After adding some constraints and field properties to the server, let's return our attention to the client application. The first version was very simple, but now you can add several features to make it work well. In the ThinCli2 example, I've embedded support for checking the record status and accessing the delta information (the updates to be sent back to the server), using some of the ClientDataSet techniques already discussed in Chapter 13. The program also handles reconcile errors and supports the briefcase model.
Keep in mind that while you're using this client to edit the data locally, you'll be reminded of any failure to match the business rules of the application, which are set up on the server side using constraints. The server will also provide you with a default value for the Salary field of a new record and pass along the value of its DisplayFormat property. In Figure 16.3, you can see one of the error messages this client application can display, which it receives from the server. This message is displayed when you're editing the data locally, not when you send it back to the server.
This client program includes a button to apply the updates to the server and a standard reconcile dialog. Here is a summary of the complete sequence of operations related to an update request and the possible error events:
The client program calls the ApplyUpdates method of a ClientDataSet.
The delta is sent to the provider on the middle tier. The provider fires the OnUpdateData event, where you have a chance to look at the requested changes before they reach the database server. At this point you can modify the delta, which is passed in a format compatible with the data of a ClientDataSet.
The provider (technically, a part of the provider called the resolver) applies each row of the delta to the database server. Before applying each update, the provider receives a BeforeUpdateRecord event. If you've set the ResolveToDataSet flag, this update will eventually fire local events of the dataset in the middle tier.
In case of a server error, the provider fires the OnUpdateError event (on the middle tier) and the program has a chance of fixing the error at that level.
If the middle-tier program doesn't fix the error, the corresponding update request remains in the delta. The error is returned to the client side at this point or after a given number of errors have been collected, depending on the value of the MaxErrors parameter of the ApplyUpdates call.
The delta packet with the remaining updates is sent back to the client, firing the OnReconcileError event of the ClientDataSet for each remaining update. In this event handler, the client program can try to fix the problem (possibly prompting the user for help), modifying the update in the delta, and later reissuing it.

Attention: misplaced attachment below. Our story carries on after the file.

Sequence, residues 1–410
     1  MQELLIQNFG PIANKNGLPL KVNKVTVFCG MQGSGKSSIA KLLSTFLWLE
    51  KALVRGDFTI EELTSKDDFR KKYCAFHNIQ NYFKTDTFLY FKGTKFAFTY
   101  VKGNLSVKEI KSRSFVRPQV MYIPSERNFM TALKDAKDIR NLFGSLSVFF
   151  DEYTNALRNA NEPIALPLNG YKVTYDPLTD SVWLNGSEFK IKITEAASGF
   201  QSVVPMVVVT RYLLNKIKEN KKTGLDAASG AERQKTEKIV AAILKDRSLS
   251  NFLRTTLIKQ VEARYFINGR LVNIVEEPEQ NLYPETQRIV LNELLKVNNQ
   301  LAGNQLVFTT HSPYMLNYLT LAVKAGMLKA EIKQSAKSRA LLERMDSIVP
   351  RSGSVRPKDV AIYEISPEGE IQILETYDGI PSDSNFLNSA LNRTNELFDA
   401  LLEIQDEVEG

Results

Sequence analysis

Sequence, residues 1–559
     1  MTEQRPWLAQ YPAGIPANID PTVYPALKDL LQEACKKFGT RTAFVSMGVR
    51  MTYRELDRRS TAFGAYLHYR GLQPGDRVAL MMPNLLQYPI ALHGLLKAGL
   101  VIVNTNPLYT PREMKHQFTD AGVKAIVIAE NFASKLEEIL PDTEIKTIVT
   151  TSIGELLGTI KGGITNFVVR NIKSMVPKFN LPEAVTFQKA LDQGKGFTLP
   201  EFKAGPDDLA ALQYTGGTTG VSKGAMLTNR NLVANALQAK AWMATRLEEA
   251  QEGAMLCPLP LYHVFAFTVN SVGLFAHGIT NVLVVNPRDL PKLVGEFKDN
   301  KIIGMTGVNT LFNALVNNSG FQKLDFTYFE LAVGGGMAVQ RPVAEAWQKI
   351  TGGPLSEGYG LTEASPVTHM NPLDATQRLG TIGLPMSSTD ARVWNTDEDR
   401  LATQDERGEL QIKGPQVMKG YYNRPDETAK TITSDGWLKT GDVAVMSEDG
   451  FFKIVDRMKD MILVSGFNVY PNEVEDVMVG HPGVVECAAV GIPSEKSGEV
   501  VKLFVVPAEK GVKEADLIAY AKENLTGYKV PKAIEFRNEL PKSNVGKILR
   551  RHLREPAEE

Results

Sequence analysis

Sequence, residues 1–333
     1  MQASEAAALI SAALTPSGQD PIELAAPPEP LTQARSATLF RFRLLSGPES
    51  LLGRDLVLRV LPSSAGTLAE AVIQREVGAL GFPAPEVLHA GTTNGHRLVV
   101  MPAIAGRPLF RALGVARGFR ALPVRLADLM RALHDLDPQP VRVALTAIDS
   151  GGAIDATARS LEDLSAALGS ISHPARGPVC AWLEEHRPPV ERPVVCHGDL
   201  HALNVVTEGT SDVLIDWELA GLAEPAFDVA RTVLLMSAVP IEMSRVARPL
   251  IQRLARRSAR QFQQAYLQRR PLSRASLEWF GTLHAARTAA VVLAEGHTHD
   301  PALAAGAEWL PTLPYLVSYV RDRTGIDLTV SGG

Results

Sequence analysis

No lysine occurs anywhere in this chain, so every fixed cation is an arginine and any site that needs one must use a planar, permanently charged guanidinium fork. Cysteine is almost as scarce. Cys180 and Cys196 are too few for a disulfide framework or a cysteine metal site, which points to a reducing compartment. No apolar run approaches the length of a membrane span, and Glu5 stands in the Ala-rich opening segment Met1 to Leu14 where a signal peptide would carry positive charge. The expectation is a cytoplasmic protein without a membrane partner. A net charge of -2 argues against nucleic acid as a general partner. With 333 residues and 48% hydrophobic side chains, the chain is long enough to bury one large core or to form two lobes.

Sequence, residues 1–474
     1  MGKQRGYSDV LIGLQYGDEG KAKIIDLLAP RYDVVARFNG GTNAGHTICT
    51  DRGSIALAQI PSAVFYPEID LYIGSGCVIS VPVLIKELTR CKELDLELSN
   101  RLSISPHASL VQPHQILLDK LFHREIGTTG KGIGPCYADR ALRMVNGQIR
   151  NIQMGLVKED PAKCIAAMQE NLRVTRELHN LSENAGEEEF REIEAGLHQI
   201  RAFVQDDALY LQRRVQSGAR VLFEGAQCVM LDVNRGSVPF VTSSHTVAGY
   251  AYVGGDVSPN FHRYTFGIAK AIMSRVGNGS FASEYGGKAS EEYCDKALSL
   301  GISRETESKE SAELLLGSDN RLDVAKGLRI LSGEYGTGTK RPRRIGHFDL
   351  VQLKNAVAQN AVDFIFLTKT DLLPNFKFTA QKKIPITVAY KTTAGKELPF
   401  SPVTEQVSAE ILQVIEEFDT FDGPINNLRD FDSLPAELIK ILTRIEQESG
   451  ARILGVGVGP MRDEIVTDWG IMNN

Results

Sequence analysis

You can obtain an updated version of the data, which other users might have modified, by calling the Refresh method of the ClientDataSet. However, this operation can be done only if there are no pending update operations in the cache, because calling Refresh raises an exception when the change log is not empty:
if cds.ChangeCount = 0 then cds.Refresh;
If only some records have been changed, you can refresh the others by calling RefreshRecords. This method refreshes only the current record, but it should be used only if the user hasn't modified the current record. In this case, RefreshRecords leaves the unapplied changes in the change log. As an example, you can refresh a record every time it becomes the active one, unless it has been modified and the changes have not yet been posted to the server:
procedure TForm1.cdsAfterScroll(DataSet: TDataSet); begin if cds.UpdateStatus = usUnModified then cds.RefreshRecord; end;
When the data is subject to frequent changes by many users and each user should see changes right away, you should apply any change immediately in the AfterPost and AfterDelete methods, and call RefreshRecords for the active record (as shown previously) or each of the records visible inside a grid. This code is part of the ClientRefresh example, connected to the AppServ2 server. For debugging purposes, the program also logs the EMP_NO field for each record it refreshes, as you can see in Figure 16.4.
I've done this by adding a button to the ClientRefresh example. The handler of this button moves from the current record to the first visible record of the grid and then to the last visible record. This is accomplished by noting that there are RowCount - 1 rows visible, assuming that the first row is the fixed one hosting the field names. The program doesn't call RefreshRecord every time, because each movement will trigger an AfterScroll event with the code shown previously. The following code refreshes the visible rows, which might be triggered by a timer:
// protected access hack type TMyGrid = class (TDBGrid) end; procedure TForm1.Button2Click(Sender: TObject); var i: Integer; bm: TBookmarkStr; begin // refresh visible rows cds.DisableControls; // start with the current row i := TMyGrid (DbGrid1).Row; bm := cds.Bookmark; try // get back to the first visible record while i > 1 do begin cds.Prior; Dec (i); end; // return to the current record i := TMyGrid(DbGrid1).Row; cds.Bookmark := bm; // go ahead until the grid is complete while i < TMyGrid(DbGrid1).RowCount do begin cds.Next; Inc (i); end; finally // set back everything and refresh cds.Bookmark := bm; cds.EnableControls; end; end;
This approach generates a huge amount of network traffic, so you might want to trigger updates only when there are actual changes. You can implement this process by adding a callback technology to the server, so that it can inform all connected clients that a given record has changed. The client can determine whether it is interested in the change and eventually trigger the update request.